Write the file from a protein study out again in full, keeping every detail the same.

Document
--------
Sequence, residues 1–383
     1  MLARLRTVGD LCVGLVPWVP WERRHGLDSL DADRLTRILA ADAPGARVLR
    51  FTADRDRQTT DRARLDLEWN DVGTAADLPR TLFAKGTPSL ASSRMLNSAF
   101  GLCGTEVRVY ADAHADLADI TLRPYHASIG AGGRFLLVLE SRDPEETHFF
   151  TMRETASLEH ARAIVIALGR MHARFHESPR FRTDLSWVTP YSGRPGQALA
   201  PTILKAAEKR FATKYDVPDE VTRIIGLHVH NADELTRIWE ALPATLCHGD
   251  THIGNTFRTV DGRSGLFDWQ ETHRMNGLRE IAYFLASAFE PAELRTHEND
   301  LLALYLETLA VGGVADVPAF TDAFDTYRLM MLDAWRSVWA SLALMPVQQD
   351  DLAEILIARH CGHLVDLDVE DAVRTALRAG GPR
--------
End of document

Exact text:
Sequence, residues 1–383
     1  MLARLRTVGD LCVGLVPWVP WERRHGLDSL DADRLTRILA ADAPGARVLR
    51  FTADRDRQTT DRARLDLEWN DVGTAADLPR TLFAKGTPSL ASSRMLNSAF
   101  GLCGTEVRVY ADAHADLADI TLRPYHASIG AGGRFLLVLE SRDPEETHFF
   151  TMRETASLEH ARAIVIALGR MHARFHESPR FRTDLSWVTP YSGRPGQALA
   201  PTILKAAEKR FATKYDVPDE VTRIIGLHVH NADELTRIWE ALPATLCHGD
   251  THIGNTFRTV DGRSGLFDWQ ETHRMNGLRE IAYFLASAFE PAELRTHEND
   301  LLALYLETLA VGGVADVPAF TDAFDTYRLM MLDAWRSVWA SLALMPVQQD
   351  DLAEILIARH CGHLVDLDVE DAVRTALRAG GPR